Goodreads Monday is hosted by Lauren’s Page Turners. It’s a great way to talk about a book from your TBR list and just kind of show it off.  Instead of weekly, I do them monthly right now. It’s one post I’d like to keep up with while my schedule and life keep getting weird. All writers struggle to find time to write so during these challenging weeks any precious time I’ve had has gone to my books rather than this blog.

I know I know, my vast number of readers are so disappointed.

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IN ANY CASE, let’s move on so my pick of the month. I’m more excited about this than maybe I should be. I recently read the first book, “City of Ghosts”  only because of ghosts & Edinburgh. I’m going to Scotland this year and was looking for any reads that would take me there before my flight. I enjoyed it more than I thought I would and the second book came out just days ago! So here it is:

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Tunnel Of Bones by Victoria Schwab

Trouble is haunting Cassidy Blake . . . even more than usual.

She (plus her ghost best friend, Jacob, of course) are in Paris, where Cass’s parents are filming their TV show about the world’s most haunted cities. Sure, it’s fun eating croissants and seeing the Eiffel Tower, but there’s true ghostly danger lurking beneath Paris, in the creepy underground Catacombs.

When Cass accidentally awakens a frighteningly strong spirit, she must rely on her still-growing skills as a ghosthunter — and turn to friends both old and new to help her unravel a mystery. But time is running out, and the spirit is only growing stronger.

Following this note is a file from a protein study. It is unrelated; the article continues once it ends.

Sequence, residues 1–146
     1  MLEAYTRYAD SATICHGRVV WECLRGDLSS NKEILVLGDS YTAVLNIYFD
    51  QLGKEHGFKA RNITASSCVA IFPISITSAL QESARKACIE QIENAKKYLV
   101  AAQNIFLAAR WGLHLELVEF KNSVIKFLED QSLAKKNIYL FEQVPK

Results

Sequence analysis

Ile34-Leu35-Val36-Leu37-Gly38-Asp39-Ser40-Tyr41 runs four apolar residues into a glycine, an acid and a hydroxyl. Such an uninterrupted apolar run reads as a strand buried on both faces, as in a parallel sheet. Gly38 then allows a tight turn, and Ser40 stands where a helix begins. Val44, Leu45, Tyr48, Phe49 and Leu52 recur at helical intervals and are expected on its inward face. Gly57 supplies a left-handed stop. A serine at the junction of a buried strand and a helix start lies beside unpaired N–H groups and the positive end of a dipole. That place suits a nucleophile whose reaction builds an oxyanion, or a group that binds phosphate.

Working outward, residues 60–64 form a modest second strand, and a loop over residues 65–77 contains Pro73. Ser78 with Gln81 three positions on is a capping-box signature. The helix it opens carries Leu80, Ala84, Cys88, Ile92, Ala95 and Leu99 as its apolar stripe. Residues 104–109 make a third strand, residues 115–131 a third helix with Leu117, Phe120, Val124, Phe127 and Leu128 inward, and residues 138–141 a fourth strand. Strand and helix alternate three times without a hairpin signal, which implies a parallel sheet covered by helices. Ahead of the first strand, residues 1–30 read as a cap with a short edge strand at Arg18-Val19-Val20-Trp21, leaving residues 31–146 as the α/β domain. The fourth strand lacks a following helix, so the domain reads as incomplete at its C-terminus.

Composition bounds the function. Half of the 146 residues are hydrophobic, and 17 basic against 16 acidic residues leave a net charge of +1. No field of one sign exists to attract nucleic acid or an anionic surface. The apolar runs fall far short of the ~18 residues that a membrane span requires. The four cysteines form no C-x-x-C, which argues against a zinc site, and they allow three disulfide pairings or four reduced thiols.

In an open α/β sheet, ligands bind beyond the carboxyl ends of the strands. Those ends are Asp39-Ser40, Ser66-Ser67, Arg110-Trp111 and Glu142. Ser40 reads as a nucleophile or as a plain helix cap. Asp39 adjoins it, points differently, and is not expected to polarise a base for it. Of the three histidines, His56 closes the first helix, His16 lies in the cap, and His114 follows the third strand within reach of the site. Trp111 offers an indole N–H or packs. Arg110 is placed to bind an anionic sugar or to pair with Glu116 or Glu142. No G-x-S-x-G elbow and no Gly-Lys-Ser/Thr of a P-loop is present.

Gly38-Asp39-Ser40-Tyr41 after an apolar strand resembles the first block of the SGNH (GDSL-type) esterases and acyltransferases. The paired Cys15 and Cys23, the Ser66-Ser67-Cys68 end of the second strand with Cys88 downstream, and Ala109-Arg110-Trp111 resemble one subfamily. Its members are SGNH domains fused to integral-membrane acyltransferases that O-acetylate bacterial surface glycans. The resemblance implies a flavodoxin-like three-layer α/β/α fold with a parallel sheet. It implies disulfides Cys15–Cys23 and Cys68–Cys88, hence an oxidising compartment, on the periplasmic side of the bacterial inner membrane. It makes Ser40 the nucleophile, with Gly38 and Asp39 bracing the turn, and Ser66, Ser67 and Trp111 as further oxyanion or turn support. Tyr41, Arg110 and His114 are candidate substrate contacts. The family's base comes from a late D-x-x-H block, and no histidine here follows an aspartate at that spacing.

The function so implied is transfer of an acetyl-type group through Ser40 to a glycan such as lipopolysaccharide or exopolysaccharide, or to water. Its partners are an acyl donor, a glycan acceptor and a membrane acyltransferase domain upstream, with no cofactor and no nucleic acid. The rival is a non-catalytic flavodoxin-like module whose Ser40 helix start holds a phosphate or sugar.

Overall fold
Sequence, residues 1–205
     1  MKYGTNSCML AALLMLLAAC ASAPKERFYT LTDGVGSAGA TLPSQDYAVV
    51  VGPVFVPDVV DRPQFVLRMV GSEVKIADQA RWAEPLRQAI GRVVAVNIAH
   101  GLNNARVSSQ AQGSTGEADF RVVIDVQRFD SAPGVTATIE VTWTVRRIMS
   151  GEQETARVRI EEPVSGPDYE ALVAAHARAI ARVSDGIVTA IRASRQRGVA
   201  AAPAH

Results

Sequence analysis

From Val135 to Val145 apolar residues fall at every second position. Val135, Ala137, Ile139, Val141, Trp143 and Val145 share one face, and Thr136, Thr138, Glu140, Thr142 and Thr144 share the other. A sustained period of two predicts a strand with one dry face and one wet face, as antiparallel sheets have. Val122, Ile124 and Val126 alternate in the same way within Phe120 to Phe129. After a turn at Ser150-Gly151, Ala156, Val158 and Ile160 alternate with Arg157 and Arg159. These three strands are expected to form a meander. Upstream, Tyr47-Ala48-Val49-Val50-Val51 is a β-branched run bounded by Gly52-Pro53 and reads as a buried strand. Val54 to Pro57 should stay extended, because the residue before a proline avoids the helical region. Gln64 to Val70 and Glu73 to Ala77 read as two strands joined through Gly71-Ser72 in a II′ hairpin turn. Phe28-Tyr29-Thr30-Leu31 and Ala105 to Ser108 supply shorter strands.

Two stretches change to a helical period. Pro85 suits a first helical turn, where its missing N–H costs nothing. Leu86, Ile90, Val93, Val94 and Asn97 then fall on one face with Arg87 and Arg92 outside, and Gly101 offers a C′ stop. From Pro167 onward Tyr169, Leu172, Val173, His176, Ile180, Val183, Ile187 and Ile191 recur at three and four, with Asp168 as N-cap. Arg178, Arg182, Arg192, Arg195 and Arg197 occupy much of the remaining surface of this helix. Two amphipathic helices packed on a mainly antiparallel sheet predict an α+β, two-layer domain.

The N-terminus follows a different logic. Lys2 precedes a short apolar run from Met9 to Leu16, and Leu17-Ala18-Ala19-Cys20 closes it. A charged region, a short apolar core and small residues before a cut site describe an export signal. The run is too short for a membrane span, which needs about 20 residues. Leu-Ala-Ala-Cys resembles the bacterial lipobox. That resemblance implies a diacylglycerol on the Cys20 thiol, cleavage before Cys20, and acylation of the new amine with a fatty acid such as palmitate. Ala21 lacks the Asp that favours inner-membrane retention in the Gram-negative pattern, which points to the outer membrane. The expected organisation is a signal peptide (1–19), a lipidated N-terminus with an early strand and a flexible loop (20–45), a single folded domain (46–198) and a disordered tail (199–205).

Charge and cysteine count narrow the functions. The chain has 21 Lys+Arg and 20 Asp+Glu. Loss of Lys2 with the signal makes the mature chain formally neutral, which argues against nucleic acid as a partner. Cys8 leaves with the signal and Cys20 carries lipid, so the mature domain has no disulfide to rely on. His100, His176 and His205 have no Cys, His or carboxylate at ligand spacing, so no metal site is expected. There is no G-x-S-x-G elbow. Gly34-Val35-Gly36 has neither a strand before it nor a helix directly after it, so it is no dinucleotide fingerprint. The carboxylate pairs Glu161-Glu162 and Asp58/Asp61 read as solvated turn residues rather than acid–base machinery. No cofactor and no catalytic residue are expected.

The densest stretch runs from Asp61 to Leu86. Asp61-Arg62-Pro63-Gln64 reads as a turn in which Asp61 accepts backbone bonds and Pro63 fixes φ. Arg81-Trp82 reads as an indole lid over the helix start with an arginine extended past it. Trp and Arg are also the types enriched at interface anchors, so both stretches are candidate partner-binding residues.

And if Cass fails, the force she’s unleashed could haunt the city forever.

This post is from 8 months ago when I lost a dear family member before her time. Sadly, I have reason to post this again due to the untimely death of yet another loved one. This time for George. 

 

A phrase I often use, in various situations, is “Life Gets In the Way”. We all try to achieve certain things, keep up with good habits, stay in touch with friends and family, but the everyday wheels of the machine of life do tend to get in the way. We let that flow direct our moves and take over our choices. Things need to get done after all. Life moves on. Unless of course, it doesn’t. If we cannot stall our daily life machine enough to step away from the factory of events, there is another who has the power to do so, for all of eternity: Death. Read More

Goodreads Monday is hosted by Lauren’s Page Turners. It’s a great way to talk about a book from your TBR list and just kind of show it off.  It’s supposed to be every Monday but I tend to do this post just once a month.  My last Goodreads Monday was a picture book I still haven’t read and in fact, most have been children’s books of some kind, however, today is different. Today I am talking about an adult book, historical fiction to be exact.

Back in 2015, I began reading War & Peace by Leo Tolstoy. As expected it’s a tough read and it was easy to put down. I began taking breaks and reading other books. This caused me to really slow down my progress. About two years in I decided to stick with only children’s books between Tolstoy’s “chapters” and this way I wouldn’t get stuck on anything too long. Hence, it has been a long while since I have read a book not for children and not Russian Literature. I am excited to move on.